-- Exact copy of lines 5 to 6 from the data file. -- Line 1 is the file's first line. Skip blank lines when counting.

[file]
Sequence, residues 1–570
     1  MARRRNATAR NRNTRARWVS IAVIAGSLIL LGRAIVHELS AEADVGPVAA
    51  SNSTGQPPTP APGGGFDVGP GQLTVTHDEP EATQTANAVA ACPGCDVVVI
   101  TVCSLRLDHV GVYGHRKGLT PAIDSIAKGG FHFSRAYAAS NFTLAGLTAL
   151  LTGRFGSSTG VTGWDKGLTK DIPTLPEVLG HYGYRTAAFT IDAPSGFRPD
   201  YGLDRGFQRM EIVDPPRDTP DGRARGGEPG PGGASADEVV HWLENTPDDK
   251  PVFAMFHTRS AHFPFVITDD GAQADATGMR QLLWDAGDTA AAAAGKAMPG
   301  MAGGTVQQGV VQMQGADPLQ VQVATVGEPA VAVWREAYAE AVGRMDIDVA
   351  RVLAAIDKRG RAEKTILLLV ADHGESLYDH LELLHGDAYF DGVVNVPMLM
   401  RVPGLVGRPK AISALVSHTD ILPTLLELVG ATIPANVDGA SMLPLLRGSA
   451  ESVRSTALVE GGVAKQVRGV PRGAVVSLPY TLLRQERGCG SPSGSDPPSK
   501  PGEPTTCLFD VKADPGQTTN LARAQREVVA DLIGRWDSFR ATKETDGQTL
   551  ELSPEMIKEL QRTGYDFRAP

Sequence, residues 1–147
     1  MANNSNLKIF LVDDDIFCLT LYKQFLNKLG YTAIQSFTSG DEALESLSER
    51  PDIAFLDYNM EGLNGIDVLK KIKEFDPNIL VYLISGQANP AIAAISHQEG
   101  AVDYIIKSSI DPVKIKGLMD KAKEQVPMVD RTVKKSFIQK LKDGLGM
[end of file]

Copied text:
   151  LTGRFGSSTG VTGWDKGLTK DIPTLPEVLG HYGYRTAAFT IDAPSGFRPD
   201  YGLDRGFQRM EIVDPPRDTP DGRARGGEPG PGGASADEVV HWLENTPDDK